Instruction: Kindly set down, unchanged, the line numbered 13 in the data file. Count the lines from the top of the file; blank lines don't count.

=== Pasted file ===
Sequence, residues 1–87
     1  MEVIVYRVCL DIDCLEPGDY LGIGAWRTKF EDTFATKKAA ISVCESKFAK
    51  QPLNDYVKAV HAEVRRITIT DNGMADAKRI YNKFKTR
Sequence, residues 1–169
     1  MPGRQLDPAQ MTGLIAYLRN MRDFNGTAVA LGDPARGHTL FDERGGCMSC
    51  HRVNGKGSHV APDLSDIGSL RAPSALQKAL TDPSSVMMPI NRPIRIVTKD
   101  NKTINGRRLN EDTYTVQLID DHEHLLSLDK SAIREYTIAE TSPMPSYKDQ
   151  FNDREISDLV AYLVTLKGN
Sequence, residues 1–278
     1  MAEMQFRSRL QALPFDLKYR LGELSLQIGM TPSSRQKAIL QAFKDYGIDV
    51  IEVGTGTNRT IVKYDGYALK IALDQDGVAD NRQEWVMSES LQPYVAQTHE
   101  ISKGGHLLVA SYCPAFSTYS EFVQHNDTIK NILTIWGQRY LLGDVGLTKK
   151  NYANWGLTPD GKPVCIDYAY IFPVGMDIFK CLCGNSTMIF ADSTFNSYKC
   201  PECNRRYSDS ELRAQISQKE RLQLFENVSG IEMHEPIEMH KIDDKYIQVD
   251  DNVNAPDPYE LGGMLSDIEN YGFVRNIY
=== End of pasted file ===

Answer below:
   151  NYANWGLTPD GKPVCIDYAY IFPVGMDIFK CLCGNSTMIF ADSTFNSYKC